Slowing the effects of climate change by reducing greenhouse gases is a pressing goal of the global scientific community. The building sector contributes a large percentage of total global CO2 emissions, which are generated in the construction of building materials as well as from fossil fuels used to heat and cool homes. Therefore, maximizing the energy efficiency of homes should be at the forefront of the agenda to reduce CO2 emissions.
In an attempt to address this issue, zero-energy and passive housing concepts have emerged. Although these homes are highly energy-efficient, the energy-inefficient homes already in existence cannot be easily modified to include the same energy-saving features. Replacing insulation materials with those having lower thermal conductivity, such as nanoporous foams, is one practical way to enhance energy efficiency. Installing automated temperature control systems is another route, where phase change materials (PCMs) have great potential.
Timothy E. Long and Katherine V. Heifferon from Virginia Tech review the polymer properties that govern nanoporous foams and PCMs for energy-efficient housing.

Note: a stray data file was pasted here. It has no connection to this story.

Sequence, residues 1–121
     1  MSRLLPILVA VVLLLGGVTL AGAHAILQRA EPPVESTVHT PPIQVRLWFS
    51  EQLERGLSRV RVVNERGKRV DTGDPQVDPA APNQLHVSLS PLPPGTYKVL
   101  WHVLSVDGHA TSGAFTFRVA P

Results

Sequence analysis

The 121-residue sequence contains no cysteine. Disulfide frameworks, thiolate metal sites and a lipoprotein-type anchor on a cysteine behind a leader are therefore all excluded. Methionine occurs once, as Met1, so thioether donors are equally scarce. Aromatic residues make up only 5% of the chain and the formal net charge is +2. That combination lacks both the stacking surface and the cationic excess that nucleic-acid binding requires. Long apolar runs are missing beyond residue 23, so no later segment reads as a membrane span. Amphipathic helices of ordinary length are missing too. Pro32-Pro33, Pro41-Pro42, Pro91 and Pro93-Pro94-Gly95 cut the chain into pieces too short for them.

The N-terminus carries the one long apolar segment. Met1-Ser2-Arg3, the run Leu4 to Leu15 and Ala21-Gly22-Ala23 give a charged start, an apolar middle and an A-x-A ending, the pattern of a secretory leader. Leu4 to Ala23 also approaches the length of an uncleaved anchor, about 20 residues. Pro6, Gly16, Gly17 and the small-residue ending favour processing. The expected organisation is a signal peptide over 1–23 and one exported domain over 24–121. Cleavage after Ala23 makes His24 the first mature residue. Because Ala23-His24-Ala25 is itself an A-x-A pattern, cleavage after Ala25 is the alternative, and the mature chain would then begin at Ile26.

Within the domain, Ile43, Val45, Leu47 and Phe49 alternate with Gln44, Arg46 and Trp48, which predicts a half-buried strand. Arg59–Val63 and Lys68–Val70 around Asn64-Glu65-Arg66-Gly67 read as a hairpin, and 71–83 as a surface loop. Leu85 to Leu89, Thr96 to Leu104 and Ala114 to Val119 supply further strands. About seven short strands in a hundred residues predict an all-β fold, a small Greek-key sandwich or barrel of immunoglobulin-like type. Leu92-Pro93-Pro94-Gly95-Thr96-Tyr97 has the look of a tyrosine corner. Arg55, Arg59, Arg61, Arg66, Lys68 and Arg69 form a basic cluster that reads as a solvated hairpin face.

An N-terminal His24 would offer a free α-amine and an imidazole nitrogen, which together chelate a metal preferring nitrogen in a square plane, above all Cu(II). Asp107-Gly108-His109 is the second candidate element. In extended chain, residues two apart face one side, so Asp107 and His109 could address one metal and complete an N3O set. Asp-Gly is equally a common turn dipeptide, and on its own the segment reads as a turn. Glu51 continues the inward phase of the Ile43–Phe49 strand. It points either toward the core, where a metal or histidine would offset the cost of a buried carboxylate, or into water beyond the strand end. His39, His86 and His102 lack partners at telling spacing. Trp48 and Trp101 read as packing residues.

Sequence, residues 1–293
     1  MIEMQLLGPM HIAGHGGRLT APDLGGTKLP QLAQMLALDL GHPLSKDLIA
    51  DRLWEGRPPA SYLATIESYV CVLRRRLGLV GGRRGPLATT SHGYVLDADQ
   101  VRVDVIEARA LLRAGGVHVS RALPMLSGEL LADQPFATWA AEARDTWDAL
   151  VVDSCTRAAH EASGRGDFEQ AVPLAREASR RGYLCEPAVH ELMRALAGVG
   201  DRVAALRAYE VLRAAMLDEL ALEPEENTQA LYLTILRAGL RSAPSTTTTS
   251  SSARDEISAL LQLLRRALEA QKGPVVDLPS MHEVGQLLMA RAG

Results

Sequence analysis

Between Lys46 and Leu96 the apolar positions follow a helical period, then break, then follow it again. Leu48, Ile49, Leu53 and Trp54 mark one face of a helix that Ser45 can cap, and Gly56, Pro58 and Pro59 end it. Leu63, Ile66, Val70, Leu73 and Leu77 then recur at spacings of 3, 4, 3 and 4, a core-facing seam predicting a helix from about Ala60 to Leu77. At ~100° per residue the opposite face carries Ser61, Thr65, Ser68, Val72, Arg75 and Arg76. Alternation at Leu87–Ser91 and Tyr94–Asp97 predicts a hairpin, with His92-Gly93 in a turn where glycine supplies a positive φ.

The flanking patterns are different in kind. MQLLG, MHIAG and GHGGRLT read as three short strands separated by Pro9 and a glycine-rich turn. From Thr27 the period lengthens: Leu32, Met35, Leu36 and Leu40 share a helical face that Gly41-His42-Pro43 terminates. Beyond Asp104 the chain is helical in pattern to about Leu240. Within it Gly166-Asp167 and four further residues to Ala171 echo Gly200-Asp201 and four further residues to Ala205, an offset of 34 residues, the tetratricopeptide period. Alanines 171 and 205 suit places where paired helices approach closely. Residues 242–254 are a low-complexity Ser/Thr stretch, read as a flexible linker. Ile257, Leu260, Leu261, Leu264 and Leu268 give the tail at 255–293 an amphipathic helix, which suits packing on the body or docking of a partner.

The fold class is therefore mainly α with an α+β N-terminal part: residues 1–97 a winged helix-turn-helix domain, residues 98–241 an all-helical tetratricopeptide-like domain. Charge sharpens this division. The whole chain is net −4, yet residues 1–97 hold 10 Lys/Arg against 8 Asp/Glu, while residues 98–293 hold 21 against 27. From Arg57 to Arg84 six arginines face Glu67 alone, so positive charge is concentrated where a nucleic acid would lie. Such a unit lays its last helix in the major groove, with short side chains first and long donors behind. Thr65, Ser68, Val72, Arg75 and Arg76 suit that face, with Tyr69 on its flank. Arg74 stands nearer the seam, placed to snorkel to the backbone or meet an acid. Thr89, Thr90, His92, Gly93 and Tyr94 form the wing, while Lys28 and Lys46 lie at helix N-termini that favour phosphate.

They state that two factors must be controlled in manufacturing nanoporous foams that have the desired features of low density and small pore size: CO2 solubility and glass transition temperature. Synthesizing low-cost, novel polymers with these properties is essential for their commercialization as insulation materials with low thermal conductivity, but they must face competition with aerogels and vacuum insulation panels (VIPs).
PCMs, on the other hand, rely on encapsulation technologies that efficiently increase surface area to absorb heat and withstand volume changes. Solid–solid PCMs are promising in this regard, but their energy adsorption ability must be improved if they are to replace current technologies.